Footnote 75, Chapter 7, Page 203:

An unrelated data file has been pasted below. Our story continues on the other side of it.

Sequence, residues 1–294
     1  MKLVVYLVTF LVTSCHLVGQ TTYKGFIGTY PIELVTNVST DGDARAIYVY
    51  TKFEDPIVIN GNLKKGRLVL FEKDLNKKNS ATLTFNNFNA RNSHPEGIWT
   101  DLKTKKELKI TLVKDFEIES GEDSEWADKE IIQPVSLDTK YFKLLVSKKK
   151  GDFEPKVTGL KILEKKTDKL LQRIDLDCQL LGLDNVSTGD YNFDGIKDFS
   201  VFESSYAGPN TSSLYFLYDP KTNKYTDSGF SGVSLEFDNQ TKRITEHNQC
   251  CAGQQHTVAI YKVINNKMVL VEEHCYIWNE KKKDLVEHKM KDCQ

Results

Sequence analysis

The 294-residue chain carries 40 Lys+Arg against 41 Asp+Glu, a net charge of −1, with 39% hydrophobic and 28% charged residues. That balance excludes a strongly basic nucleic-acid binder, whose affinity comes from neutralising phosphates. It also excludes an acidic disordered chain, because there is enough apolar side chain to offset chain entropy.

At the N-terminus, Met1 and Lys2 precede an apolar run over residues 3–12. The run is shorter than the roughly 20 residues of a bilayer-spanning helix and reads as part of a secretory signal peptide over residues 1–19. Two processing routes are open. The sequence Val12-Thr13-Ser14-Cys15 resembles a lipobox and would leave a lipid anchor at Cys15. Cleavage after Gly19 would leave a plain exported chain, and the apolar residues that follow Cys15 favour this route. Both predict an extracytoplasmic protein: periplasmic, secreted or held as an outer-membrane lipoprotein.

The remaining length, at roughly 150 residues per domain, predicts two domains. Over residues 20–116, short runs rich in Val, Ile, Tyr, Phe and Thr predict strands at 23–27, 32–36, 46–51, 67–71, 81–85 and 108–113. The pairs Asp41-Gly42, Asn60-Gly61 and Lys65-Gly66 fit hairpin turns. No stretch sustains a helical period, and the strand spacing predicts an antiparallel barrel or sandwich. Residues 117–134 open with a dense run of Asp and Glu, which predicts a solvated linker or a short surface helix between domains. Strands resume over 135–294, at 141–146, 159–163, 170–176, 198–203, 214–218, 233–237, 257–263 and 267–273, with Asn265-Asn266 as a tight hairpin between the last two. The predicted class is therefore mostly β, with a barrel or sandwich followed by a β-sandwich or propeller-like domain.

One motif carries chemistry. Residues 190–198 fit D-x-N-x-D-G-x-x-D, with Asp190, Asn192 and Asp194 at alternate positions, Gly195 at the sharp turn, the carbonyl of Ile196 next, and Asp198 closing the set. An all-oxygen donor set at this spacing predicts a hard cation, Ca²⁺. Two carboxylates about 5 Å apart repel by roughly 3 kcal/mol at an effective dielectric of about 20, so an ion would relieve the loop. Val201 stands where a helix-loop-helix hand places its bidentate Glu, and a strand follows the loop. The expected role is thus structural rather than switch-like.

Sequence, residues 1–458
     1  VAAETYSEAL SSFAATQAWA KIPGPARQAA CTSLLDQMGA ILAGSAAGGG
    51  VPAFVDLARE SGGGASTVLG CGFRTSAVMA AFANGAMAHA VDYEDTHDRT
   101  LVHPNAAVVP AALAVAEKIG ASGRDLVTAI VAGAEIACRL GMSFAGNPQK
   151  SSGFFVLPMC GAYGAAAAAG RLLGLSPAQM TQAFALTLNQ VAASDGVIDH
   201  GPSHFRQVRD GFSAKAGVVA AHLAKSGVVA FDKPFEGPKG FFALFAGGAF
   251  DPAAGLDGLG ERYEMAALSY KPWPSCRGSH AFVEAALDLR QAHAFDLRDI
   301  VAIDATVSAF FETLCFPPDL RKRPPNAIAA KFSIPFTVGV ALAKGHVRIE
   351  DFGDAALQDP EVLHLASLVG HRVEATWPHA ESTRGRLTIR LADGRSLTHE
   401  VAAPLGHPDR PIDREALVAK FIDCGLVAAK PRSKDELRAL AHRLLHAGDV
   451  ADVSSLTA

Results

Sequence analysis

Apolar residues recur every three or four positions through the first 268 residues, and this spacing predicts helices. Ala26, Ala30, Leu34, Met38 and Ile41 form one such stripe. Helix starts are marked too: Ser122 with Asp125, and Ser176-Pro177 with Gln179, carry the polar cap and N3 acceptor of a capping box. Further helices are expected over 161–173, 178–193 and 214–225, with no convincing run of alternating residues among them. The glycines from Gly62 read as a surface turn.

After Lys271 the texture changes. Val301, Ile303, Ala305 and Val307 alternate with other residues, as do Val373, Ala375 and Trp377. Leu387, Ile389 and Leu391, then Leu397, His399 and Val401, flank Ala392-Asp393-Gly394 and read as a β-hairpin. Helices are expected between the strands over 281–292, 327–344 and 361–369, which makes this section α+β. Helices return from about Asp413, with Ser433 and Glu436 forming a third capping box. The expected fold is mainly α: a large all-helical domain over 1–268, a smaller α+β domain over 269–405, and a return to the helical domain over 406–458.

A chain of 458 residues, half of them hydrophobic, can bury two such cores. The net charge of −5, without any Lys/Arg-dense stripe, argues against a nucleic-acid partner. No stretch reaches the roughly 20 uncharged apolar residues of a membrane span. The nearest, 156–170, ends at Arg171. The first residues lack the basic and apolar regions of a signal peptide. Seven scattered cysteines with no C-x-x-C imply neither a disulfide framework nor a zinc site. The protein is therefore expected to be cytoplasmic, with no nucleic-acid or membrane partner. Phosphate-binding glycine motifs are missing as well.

Some additional aspects of the comparison between Canada and the United States regarding power-sharing are described in this passage: Lipset points out that “the most important and powerful minority [in the U.S.] is and has been” the African Americans and that, “[u]nlike the Québécois, [they] do not control any states.” Glazer analyzes the potential secessionist movements that have existed in the U.S. He concludes that, because of the slavery of African Americans, “[i]t was only in the South that the possibility… of an independent nation or autonomous state drawn on ethnic and racial lines, separated from the United States could arise.” In part because this possibility was thoroughly defeated in the U.S. civil war, Glazer confirms that the U.S. “no longer ha[s] a group so concentrated in an extensive territorial that it can conceive of a separate state.” In contrast to the Quebec secessionist phenomenon, Glazer points out that immigrants to the U.S. dispersed across the country to an extent that precluded the development of groups’ domination of individual states. Geographical concentration of potentially antagonistic groups raises both the possibility of their secession and the likelihood that resultant, comparative homogeneity will require consociational components to maintain stability. Comparison of the concentration of French speakers in Quebec and the ramifications of extensive immigrant dispersal in the U.S. emphasizes the role played by geographical concentration.